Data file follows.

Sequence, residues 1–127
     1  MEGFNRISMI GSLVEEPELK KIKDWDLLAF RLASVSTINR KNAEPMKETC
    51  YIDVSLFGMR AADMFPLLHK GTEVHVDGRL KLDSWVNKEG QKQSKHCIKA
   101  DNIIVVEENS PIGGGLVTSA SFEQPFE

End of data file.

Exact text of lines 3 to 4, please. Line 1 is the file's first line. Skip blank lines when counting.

    51  YIDVSLFGMR AADMFPLLHK GTEVHVDGRL KLDSWVNKEG QKQSKHCIKA
   101  DNIIVVEENS PIGGGLVTSA SFEQPFE